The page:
Miners' strike play more relevant than ever

Play an excellent rendition of the strike through the stories of the Women Against Pit Closures

Reading time: 4 min

My parents were still in nappies when the 1984 Miners’ Strike that the play ‘We’re Not Going Back’ is based upon took place. As a 15-year-old, I was not aware of the history of the strike.

I enjoyed going to see ‘We’re Not Going Back’ at Goole Junction Theatre. The play is an excellent and educational rendition of the strike, and the untold stories from the wives and families of the strikers themselves.

The play shows the perspective of the women who were involved with the miners. It reveals the hardships and everyday battles they faced, including financial issues, violence and helping fight for their husbands and families’ rights as workers.

This is crucial as it emphasises that when people go on strike it doesn’t just affect them, but their families and communities too.

The women who helped during such difficult times needed to speak up and be credited for all the work they really did, which is why the play is brilliant at expressing the role that the women played and showing how important their involvement was.

For example, not only did the women speak up and start the Women Against Pit Closures campaign, which involved public speaking, they started foodbanks because nearly everybody in their community was struggling.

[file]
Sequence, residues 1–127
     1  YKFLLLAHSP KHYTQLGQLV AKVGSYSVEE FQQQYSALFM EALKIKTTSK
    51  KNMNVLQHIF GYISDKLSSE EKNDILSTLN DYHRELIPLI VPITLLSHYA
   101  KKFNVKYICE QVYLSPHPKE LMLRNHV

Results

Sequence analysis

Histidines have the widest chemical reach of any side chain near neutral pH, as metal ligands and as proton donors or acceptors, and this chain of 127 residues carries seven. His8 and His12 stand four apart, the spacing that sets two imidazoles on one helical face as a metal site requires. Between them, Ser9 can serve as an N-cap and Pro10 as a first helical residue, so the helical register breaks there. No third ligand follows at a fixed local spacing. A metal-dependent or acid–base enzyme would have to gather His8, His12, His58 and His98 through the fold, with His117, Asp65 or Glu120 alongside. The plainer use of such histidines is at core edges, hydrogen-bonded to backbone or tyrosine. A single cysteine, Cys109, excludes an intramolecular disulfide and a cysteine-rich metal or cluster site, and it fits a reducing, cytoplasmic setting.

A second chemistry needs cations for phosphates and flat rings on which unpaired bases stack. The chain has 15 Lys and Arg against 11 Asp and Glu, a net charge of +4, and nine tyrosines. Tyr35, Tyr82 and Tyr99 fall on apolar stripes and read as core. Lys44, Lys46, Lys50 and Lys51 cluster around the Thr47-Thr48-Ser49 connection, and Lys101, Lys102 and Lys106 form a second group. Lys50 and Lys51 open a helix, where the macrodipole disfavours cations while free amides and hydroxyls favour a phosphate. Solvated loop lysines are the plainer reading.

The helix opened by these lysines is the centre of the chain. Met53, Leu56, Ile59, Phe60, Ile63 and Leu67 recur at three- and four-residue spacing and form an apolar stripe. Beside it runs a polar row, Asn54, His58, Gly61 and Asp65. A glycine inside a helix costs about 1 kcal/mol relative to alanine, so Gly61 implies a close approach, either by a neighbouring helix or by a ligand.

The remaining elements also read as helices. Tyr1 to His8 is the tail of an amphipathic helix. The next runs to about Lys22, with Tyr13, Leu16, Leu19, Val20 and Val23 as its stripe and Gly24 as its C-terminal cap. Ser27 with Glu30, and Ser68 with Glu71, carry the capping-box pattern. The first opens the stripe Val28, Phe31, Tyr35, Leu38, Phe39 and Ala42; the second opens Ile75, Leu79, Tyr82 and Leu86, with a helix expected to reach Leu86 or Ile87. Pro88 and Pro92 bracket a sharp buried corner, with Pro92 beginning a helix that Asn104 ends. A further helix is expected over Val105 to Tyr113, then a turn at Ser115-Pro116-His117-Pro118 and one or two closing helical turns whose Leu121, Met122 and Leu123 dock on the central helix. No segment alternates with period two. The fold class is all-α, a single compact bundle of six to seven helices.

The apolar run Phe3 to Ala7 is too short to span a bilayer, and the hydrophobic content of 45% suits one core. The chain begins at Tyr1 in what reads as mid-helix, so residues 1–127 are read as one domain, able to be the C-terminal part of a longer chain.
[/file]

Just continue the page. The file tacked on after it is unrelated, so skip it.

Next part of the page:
The women had to work longer hours and even multiple jobs so they could be more secure and try and make up for their loss of income.

The play also shows the serious effect on the mental health of both the men and women, as people felt lost due to the lack of routine they were used to.

It was a time of civil conflict and misery, with the government and other institutions not providing any support to the strikers and targeting them using the police. Also, everyone was very poor with the lack of income coming in.

However, with this brought closeness to the working-class people and raised the popularity of feminism and female empowerment, as the women were now influenced to work and take charge.

This was why the play was written, to show all sides of this story: the struggle for justice and what things the strikes brought afterwards for everyone, which were not all negative.

Personally, I believe these stories should be continued to be shared to spread the message to all that they deserve the right to fight to be in an equal and better workplace and society.

These types of events should also be used to educate people on how hard it is on workers and their families when they feel the need to strike and help them understand that it is not an easy decision to make.

Even though I was not born, when the strikes took place, I can still empathise with it as there are many strikes going on in the UK today that I and people I know have been impacted by.

As Victoria Brazier, who played Olive, said at the end of the performance, ‘We’re Not Going Back’ is even more relevant today than when it was first performed ten years ago.

More and more people feel the need to go on strike because of the cost-of-living crisis, food bank usage has increased and steel workers in Scunthorpe and Port Talbot are fighting against the devastation of their industries.  

By Ava Vickerman